Nearly a dozen Christian denominations and other faiths have full-time chaplains and volunteers who patrol the concourses and visit workers. Among the part-time ministers are Father Zahuta, Deacon Whitney Robichaux and nine other archdiocesan deacons.
The deacons’ work at the airport is pastoral, visiting workers ranging from store cashiers to gate agents and helping flyers.
The deacons often provide a friendly face as mediators when flights are cancelled and tempers grow short. They also assist in the honor guard provided for fallen soldiers brought home from overseas. They can also arrange for the celebration of Mass for groups traveling through Hartsfield.
To employees, Deacon Robichaux is a face they see day in and day out. To the travelers, the chaplain offers aid, directing them to the right train to get to the terminal. Or when a woman stumbled at an escalator, he stayed with her until emergency workers could assist.
“I spend the majority of time at Concourse T. I get to know the people behind the desks,” he said.
Workers are happy to see him, especially when flights are cancelled and flyers get irate, he said.
While travelers hustle to get to the right gate, his work runs counter to the fast-paced environment. He always takes the last car on the airport train. He wants to be the last rider getting off to keep an eye out for passengers who missed their terminal stop so he can redirect them.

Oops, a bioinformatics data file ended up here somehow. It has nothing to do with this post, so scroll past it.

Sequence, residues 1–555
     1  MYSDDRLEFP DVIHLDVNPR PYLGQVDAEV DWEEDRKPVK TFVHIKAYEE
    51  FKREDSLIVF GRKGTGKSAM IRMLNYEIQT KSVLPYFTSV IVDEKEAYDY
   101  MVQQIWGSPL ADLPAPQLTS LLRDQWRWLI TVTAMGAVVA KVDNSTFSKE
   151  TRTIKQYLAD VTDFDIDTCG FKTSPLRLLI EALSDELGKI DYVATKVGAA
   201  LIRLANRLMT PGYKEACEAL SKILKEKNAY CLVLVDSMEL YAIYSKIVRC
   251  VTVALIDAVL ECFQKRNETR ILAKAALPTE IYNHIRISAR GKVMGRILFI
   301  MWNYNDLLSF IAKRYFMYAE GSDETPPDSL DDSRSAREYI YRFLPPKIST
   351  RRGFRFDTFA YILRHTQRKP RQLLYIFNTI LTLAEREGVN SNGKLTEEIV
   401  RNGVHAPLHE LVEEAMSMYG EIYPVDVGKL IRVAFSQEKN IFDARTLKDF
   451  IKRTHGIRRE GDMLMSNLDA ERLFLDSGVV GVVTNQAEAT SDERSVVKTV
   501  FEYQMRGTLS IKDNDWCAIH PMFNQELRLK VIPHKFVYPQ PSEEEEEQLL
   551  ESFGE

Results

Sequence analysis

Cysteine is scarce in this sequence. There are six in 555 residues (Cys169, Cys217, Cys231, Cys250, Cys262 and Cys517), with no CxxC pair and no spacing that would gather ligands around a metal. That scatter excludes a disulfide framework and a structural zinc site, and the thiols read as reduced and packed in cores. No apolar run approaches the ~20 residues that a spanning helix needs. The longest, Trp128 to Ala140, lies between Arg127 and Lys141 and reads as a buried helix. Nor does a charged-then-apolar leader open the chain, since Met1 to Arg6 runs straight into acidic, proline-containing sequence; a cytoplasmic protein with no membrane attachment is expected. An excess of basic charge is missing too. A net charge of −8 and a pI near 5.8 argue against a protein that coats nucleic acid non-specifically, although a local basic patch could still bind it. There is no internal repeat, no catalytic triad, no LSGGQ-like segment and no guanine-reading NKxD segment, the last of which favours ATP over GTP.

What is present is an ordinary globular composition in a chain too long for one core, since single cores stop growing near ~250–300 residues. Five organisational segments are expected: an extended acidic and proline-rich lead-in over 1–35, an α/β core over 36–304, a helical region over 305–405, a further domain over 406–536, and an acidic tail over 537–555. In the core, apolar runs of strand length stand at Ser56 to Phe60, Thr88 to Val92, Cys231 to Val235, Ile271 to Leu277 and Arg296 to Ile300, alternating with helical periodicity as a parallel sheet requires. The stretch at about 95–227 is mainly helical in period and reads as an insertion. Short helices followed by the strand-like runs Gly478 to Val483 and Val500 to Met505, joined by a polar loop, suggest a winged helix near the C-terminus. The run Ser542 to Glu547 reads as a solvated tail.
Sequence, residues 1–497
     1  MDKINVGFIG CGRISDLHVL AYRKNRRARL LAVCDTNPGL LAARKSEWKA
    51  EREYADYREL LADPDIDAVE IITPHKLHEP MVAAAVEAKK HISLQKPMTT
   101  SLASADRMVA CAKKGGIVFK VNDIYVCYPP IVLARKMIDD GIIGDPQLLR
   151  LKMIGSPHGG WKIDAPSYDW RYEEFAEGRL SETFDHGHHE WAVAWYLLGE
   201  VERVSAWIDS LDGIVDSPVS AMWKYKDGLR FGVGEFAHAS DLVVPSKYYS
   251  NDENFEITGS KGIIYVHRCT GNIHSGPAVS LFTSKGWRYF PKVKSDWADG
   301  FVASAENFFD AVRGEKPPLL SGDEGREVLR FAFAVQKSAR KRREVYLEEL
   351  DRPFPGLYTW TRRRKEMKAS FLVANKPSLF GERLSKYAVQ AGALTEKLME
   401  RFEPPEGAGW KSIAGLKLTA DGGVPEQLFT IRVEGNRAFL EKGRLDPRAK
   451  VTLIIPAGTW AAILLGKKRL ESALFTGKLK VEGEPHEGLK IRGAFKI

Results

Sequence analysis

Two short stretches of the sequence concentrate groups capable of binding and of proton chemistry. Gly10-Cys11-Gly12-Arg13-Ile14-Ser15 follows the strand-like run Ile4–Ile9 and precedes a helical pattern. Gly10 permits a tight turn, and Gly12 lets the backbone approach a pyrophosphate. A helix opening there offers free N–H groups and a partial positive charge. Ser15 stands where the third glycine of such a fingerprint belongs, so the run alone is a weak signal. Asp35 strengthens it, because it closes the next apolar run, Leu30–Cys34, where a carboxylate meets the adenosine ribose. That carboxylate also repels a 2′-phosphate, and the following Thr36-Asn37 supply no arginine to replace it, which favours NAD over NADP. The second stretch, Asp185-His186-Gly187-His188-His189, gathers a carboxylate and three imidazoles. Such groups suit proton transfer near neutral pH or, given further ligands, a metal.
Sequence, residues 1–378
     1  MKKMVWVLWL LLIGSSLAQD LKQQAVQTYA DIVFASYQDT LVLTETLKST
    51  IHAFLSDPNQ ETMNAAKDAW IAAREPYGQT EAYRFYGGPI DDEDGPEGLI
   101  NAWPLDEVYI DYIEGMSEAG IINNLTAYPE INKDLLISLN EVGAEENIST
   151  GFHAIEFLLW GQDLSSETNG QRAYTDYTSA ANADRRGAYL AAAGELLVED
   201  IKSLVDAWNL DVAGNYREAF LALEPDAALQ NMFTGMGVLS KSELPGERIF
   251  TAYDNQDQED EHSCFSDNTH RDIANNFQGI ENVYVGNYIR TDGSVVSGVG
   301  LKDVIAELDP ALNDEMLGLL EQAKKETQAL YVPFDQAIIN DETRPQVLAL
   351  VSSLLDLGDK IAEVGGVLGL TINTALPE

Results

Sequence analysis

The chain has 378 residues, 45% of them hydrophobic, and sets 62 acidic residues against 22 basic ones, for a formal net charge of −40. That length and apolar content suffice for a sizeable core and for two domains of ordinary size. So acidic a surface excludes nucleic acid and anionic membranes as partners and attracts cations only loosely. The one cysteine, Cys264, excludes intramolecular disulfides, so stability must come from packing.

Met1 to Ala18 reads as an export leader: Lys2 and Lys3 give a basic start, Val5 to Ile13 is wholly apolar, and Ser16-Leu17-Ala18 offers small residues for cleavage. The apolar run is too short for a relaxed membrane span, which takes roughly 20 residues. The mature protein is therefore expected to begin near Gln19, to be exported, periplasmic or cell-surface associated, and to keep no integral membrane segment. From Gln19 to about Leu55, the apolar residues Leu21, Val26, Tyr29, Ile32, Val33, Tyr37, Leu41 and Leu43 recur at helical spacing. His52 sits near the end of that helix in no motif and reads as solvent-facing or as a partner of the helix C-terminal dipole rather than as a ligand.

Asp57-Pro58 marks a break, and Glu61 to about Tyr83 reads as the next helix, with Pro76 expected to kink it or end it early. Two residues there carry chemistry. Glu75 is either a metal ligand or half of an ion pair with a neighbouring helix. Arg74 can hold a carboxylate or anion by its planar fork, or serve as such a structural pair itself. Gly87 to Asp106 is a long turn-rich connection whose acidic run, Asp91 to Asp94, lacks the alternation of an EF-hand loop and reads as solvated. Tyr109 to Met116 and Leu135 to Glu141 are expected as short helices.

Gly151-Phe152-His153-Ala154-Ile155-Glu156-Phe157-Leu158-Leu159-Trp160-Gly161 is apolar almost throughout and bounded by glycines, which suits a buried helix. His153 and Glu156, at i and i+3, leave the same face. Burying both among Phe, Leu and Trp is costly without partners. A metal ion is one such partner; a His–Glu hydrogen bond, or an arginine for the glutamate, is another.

During a stroll around a concourse, he noticed a family of boys all dressed in football jerseys. After talking with the boys a bit, the conversation with the husband turned serious. The family was going to say goodbye to the man’s dying father. Later, as the family headed to the airplane gate, the mother mouthed the words “Thank you,” he said.
Another of his duties is to serve as an honor guard when an airplane arrives with the remains of a member of the armed services. He will greet the plane and be available for the military escort and family members for any of their needs. He also makes a point to be at the arrival gate for flights carrying refugees who are to be resettled in the Atlanta area. Often the refugees are coming right from camps in developing countries to an unfamiliar world.
“You realize people are really bewildered,” he said.
Said Deacon Robichaux, “I get questions about flights. I get questions about anything out there. I do get asked to pray for things a lot.”
For more information, visit www.archatl.com/ministries-services/airport-chaplaincy-program or ATLchapel.org.